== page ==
There is a closed end fund that sells covered calls and makes the strategy accessible and affordable to any investor. A closed end fund, CEF, raises capital from investors and then invests that money on their behalf. The CEF then trades like a stock and is not subject to risks of sudden redemption.
Because it trades like a stock, the price is set by the market and the trading price can be above or below the value of the assets the CEF actually holds. CEFs often trade at a discount allowing investors to buy assets at a discount.
There is a CEF, Eaton Vance Enhanced Equity Income Fund (NYSE: EOI), that uses a covered call strategy. The fund holds a diversified portfolio of more than 50 individual stocks, collects the dividends form the stocks, enjoys capital gains from price increases in the stocks and sells calls to generate additional income.
The fund itself is relatively stable, showing lower than average volatility.
EOI pays a steady distribution of $0.0864 per month and has paid that amount every month since March 2012. That’s a yield of about 7.2%, well above the yield of the S&P 500 index and almost all individual stocks. The high yield comes from the covered call strategy and the fund’s structure.
As a CEF, EOI is able to return capital to investors at times to hold the level of income steady. This means some of the distribution will be tax free at times.
Its holdings are stable, as the chart of its largest holdings shows.
The fund is able to hold Amazon and generate income from the position by selling calls. This demonstrates the power of the Covered Call Strategies to benefit from capital appreciation while generating income even if the stock doesn’t pay a dividend.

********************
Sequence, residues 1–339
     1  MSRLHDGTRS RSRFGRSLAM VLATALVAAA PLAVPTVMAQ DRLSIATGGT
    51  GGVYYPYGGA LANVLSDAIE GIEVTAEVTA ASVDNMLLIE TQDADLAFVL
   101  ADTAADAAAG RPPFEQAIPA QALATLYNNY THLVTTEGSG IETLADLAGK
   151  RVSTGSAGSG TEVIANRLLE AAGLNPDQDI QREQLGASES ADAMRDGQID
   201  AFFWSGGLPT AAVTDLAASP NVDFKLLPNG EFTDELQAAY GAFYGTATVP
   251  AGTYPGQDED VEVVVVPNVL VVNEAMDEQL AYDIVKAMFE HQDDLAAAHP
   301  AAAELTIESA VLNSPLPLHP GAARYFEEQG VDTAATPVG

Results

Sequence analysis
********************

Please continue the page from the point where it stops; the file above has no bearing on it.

Buying Passive Income At a Discount
Remember that CEFs trade at a market price which can be more or less than the value of their assets. Many investors limit their investments to CEFs that trade at a discount to their asset value. It’s even possible to develop a strategy that trades based solely on the discount.
A trader could buy when the discount is significantly below average and exit a position when the CEF trades at a premium or when the discount is at least narrower than it was at the time the fund was purchased. The popularity of these strategies means data on discounts is readily available.
For EOI, the average discount over the past three years has been 6.57%. Now, the discount is a little lower than average at about 6.2%. But, the discount typically varies over the course of the year as the chart below shows.
At its current discount, investors are able to buy $1.00 worth of assets for less than $0.94. That is attractive to bargain hunters and value investors.
This is a simple way to generate passive income and based on the history of the fund, the income is steady and predictable with the same amount being paid every month for almost six consecutive years. It also offers a tax advantaged income since any amount that is considered a return of capital will be tax free to individual investors.